English Sermons Draw Indians to Mosque
12 Jun 2012 12:28 GMT
 

CAIRO - A mosque in the Indian city of Hyderabad has turned to using the English language for sermons in an effort to draw worshippers and spread the true message of Islam.

"I am more conditioned to listening to English and (more)

CAIRO - A mosque in the Indian city of Hyderabad has turned to using the English language for sermons in an effort to draw worshippers and spread the true message of Islam.

"I am more conditioned to listening to English and understand it better than I understand Urdu,” Insiya Abdul Raheem, a 23-year-old psychology graduate, told the Times of India on Tuesday, June 12.

“And since I have a thirst for understanding religion, it makes sense that I come to this mosque."

The mosque in Banjara Hills, Hyderabad, has started to offer English-language services to worshippers.

The program bore immediate fruits, bringing in more visitors regularly to the air-conditioned hall.

Reflecting the success of the idea, the mosque has seen the more affluent Indians in the area come to the mosque for the weekly Friday prayers.

Worshippers vouch for the mosque's comfortable ambience which they say is conducive to religious learning.

Unlike traditional scholars, the mosque offers lectures and sermons on topical subjects by professionals working with various firms who have a practical approach to religion.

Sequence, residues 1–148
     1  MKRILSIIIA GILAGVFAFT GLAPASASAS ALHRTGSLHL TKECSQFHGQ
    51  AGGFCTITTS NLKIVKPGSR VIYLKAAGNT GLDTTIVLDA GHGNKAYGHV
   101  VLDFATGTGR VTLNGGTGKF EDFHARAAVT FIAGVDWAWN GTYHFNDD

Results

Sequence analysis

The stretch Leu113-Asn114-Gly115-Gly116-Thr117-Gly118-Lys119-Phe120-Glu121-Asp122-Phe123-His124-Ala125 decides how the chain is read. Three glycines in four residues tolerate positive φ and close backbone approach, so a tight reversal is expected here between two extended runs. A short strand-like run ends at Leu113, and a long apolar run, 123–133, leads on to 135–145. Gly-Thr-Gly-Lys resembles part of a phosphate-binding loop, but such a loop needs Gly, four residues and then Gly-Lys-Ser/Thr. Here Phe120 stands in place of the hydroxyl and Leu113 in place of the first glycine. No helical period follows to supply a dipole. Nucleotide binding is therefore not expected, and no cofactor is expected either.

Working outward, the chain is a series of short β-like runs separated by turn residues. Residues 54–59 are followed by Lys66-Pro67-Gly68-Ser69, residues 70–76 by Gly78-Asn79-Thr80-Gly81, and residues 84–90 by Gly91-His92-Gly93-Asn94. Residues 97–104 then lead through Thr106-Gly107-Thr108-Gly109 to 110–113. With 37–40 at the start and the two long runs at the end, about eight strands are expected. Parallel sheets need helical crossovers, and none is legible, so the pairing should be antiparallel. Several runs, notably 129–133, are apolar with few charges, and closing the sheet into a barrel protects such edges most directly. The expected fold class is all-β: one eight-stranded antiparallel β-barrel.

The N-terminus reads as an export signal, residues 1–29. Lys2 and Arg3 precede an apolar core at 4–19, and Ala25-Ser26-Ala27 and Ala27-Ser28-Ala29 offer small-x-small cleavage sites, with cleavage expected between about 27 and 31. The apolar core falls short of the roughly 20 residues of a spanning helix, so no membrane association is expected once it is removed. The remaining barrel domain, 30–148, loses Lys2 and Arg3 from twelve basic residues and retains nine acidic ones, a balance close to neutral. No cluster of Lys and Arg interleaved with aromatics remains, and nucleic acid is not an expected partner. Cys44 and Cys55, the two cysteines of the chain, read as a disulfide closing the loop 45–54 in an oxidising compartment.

A large number of foreign students also come to the mosque as lectures are given in English, different from other mosques which offer the Friday sermon in Urdu.

"Everything the young Muslim does is in English,” said Syed Zaheeruddin, a 28-year-old assistant manager in an MNC in Hi-Tec City.

“We were educated in school with English as the medium of instruction. We discharge our professional duties in English.

“And despite Urdu being our mother tongue, we speak to our children in English at home too. So, everything taught here sinks effortlessly."

Positive

Mosque officials say the English sermons were the first step to attract worshippers back to mosques.

"The principle of communication is the transmission of ideas and knowledge,” said Mirza Yawar Baig, an IIM-A graduate of 1985 batch and a management consultant serving as both as imam and khateeb of the mosque.

“English has become the language of the world and of education of the youth.

“Ironic as it may seem, it made perfect sense to disseminate knowledge of their own faith in the English language.

“To help Muslims perform their religious duties, it was important that they understood them first,” Baig added.

“It is important that I speak in a language that people understand since many understand English better than they understand their own mother tongue,” he said.

“The qutbah (sermon) aims to help Muslims to understand their lives and current events in the context of the Quran, sunnah (teachings of the Prophet) and Islamic history.

“The purpose of the qutbah is defeated if people don't understand it."There are some 140 million Muslims in India, making up 13 percent of the country's 1.1 billion population.

Reproduced with permission from OnIslam.net



-- OnIslam


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